I've written on this site before about how I try to partition my life. I never work in the evenings (though I do blog sometimes), and I never work on weekends. I do this because I learned several years ago that while I can engage in several hours of concentrated work per weekday, I really need the evenings and weekends to recoup. If I try to work all the time, I'm less effective on the whole. I also got married and figured I owe it to my wife to be a husband, not just a philosopher.
Now, my wife tells me that not everyone is a "partitioner" like this--but, for all that, it is often said that we all "need an escape." I know I did. However brutal the job-market was, and however much effort I put into it during the day, I made a point to cook and take walks with my wife in the evening. Yes, sometimes things would turn to the job market--but for the most part we were just there for each other. And it was a God-send. It really helped just to have that little escape: that little evening walk. It was the highlight of my days, and rescued me, if only for a time, from the daily worries of the job market.
I recognize, of course, that not everyone has loved-ones close by. If you do, be good to them: and try not to focus on the job market all the time. The job market is hard on them too (probably harder than you know). Appreciate them, and the fact that there is more to this world that the job market. Realize that they are a real, live human being, and be sensitive to their wants and needs. It's what they deserve, and truth be told, you'll be better off too. For it will help you keep perspective: namely, that there are other important things in this world than the market. If you don't have loved-ones close by, I suggest you call them, or Skype with them--or do something for fun on the evenings or weekends. Be good to yourself, as hard as it might be. Trust me: find an escape, give yourself and your loved ones non-job-market related time and attention they deserve. It will be better for you, and you will be better to them.
Tip #3: Be prepared.
Shoot, this post has already gotten long-winded! Maybe I'll wrap it up, since I only have a few tips on this subject anyway:), and leave it to you to share and discuss tips. I'll try to finish up with a good one...
Now that I've said how important it is to be good to yourself and have an escape, I want to focus on what you do during your workday--during the time you have to prepare for things: prepare your dossier materials, prepare for interviews, and so on. My advice here is: prepare more. What do I mean? There's a saying in sports that you should "leave everything on the field", never giving effort that is any less than your best. There's a similar saying in baseball that, as a pitcher, if you're going to get beat, get beat on your best pitch. These sayings resonated with my last few years on the market--years where I fared better, both in terms of results and in terms of emotional maintenance. Some of us "over-prepare" for everything. Others of us do not. Indeed, many of us like to avoid things that make us uncomfortable. I, for one, despised practicing for interviews. They made me super-uncomfortable, and took a great deal of mental and emotional effort (every bad practice interview, after all, is a source of frustration). Yet, the past few years, when my wife asked me, "Do you want to practice tonight?", or practice questions on a walk or in the shower, I made myself say yes just about every time. And for one simple reason: I wanted to be able to say to myself, whatever happened in the interview or on-campus visit, that I truly gave it my best--that there wasn't "more I could have done" to better prepare myself. I did the same with my dossier materials. I wasn't sure whether it would be a good idea to use a job-market consultant--and I didn't really "have the money to spare for one"--but I did it anyway. And, I think, you might be surprised just how much this alone--being really, really well-prepared for things--helps. Did I have some bad interviews? You betcha. But, unlike in past years, where I could sit and blame myself for not preparing better (which is no good emotionally), this time around I could say to myself, "You know, I really prepared. It sucks it didn't go better. But I couldn't have realistically prepared better. That's just the way things shaked out." Being able to say this to myself didn't take all of the sting out of disastrous interviews, but I can tell you this: it did a heck of a lot to mitigate the sting, and additionally, made such interviews happen less often, both of which are emotionally beneficial.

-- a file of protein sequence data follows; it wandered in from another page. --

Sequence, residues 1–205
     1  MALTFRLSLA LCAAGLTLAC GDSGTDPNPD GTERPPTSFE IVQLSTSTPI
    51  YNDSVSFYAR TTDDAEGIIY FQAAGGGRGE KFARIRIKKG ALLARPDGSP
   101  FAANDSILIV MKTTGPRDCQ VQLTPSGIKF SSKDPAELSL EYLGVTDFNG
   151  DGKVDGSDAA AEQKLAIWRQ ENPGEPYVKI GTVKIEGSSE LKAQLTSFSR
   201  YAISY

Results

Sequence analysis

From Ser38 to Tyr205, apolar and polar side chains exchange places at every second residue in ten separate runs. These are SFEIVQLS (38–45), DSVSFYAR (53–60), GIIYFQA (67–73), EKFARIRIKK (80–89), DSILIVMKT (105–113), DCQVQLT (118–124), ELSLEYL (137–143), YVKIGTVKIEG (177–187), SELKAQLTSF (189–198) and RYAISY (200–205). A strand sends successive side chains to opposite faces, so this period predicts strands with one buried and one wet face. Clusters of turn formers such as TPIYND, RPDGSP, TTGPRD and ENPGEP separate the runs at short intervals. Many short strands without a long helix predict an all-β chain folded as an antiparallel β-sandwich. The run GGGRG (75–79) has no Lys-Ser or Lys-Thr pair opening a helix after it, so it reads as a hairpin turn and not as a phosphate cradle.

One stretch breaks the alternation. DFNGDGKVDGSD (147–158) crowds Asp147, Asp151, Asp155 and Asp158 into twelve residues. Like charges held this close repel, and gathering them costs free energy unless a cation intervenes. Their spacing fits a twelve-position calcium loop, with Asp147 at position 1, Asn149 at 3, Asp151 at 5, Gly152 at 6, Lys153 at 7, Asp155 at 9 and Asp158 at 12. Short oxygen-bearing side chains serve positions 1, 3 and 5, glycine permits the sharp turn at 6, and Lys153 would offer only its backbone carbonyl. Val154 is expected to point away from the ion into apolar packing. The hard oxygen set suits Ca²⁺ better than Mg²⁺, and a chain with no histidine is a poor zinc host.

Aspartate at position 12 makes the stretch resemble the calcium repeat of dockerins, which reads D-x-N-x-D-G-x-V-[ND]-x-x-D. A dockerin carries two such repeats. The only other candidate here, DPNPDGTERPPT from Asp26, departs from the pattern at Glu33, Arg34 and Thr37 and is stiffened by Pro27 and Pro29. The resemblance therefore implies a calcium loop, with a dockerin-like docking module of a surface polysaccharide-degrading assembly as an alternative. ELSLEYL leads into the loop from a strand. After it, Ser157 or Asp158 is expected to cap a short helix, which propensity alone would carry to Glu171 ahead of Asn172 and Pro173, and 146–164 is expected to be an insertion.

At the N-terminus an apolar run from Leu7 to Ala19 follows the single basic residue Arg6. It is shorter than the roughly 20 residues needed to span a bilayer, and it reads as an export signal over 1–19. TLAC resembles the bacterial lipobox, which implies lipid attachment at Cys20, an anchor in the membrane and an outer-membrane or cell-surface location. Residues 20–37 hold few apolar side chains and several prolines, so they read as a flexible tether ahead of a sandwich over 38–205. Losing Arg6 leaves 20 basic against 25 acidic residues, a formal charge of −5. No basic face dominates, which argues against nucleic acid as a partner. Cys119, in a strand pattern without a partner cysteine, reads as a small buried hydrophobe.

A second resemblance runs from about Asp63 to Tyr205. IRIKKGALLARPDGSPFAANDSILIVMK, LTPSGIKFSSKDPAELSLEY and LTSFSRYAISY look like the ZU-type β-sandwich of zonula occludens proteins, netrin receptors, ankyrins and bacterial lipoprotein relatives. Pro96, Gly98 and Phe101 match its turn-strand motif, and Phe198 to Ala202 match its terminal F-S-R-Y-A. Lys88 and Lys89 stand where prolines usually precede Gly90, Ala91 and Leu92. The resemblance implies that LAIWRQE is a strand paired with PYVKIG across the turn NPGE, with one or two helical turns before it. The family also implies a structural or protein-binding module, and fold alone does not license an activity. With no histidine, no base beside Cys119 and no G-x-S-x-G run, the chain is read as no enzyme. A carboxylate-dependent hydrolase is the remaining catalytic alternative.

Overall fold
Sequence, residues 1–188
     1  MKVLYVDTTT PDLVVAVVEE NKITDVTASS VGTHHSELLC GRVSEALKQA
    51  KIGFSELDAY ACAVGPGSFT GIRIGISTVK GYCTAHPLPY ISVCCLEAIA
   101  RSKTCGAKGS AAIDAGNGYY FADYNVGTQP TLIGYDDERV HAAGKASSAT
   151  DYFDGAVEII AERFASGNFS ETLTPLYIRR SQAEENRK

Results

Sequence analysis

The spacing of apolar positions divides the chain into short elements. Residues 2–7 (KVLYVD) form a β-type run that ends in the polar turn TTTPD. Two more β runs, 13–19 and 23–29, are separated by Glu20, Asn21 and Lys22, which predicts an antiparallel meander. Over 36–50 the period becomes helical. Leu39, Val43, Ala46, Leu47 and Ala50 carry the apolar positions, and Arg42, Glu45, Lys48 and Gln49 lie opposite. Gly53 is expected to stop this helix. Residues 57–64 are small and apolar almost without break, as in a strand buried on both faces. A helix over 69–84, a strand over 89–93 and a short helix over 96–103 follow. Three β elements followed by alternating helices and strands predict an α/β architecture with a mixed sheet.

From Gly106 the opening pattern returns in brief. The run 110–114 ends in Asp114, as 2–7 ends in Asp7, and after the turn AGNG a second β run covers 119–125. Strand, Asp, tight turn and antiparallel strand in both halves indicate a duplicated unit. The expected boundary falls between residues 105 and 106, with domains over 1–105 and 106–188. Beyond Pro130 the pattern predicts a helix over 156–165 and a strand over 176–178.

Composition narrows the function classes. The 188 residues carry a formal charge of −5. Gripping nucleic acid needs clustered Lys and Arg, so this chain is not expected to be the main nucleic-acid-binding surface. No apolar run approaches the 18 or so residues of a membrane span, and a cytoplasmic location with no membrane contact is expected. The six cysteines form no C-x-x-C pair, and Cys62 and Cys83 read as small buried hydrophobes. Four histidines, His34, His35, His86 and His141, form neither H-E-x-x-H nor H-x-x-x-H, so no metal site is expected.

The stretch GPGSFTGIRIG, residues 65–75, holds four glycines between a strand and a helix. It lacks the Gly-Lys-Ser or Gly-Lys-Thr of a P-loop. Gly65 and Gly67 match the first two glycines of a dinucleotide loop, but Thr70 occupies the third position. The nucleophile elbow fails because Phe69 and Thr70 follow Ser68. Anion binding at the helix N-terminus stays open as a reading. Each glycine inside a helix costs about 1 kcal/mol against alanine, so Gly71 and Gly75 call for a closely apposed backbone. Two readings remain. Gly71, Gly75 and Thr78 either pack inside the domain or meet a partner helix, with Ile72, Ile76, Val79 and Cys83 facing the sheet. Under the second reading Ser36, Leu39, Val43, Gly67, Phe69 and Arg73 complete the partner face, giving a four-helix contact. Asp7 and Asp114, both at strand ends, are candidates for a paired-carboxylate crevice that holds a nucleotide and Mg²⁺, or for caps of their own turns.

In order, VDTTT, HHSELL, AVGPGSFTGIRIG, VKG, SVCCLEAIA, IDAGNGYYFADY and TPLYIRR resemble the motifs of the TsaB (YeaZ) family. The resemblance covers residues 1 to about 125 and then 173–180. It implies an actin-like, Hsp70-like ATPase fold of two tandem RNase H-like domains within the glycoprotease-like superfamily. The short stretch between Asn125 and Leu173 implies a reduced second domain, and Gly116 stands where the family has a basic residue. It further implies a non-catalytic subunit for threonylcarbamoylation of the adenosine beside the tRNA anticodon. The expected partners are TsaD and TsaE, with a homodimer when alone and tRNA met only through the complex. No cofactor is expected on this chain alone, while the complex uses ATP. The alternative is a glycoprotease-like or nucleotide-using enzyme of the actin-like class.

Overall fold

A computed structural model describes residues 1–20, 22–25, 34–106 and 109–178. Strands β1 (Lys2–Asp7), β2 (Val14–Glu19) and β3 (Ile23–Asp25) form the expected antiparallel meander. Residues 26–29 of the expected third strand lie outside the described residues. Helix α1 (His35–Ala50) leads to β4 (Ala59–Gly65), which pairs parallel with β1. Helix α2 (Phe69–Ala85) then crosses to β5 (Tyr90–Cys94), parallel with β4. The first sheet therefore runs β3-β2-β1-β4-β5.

I hope you all found this post helpful, look forward to hearing your thoughts and time, and, given that the job market seems to be starting early, I wish you all the best of fortune!